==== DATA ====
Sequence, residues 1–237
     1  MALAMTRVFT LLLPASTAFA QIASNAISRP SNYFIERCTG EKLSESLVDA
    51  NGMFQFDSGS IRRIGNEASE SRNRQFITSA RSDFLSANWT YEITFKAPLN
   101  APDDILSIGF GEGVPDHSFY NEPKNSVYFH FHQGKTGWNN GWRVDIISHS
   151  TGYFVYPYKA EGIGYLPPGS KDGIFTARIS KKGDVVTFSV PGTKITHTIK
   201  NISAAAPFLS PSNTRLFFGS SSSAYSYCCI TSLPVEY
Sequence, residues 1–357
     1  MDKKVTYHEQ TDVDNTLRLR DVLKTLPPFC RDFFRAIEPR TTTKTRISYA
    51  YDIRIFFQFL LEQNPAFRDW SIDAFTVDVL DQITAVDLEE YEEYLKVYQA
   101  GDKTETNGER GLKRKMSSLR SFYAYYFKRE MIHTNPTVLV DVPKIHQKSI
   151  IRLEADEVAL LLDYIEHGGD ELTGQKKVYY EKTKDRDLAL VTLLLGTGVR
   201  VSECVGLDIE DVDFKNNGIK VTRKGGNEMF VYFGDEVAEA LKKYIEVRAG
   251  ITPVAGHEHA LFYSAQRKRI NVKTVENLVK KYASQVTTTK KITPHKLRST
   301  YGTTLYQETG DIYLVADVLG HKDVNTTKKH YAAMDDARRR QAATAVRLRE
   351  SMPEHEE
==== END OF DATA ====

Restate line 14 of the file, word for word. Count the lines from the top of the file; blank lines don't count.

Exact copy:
   301  YGTTLYQETG DIYLVADVLG HKDVNTTKKH YAAMDDARRR QAATAVRLRE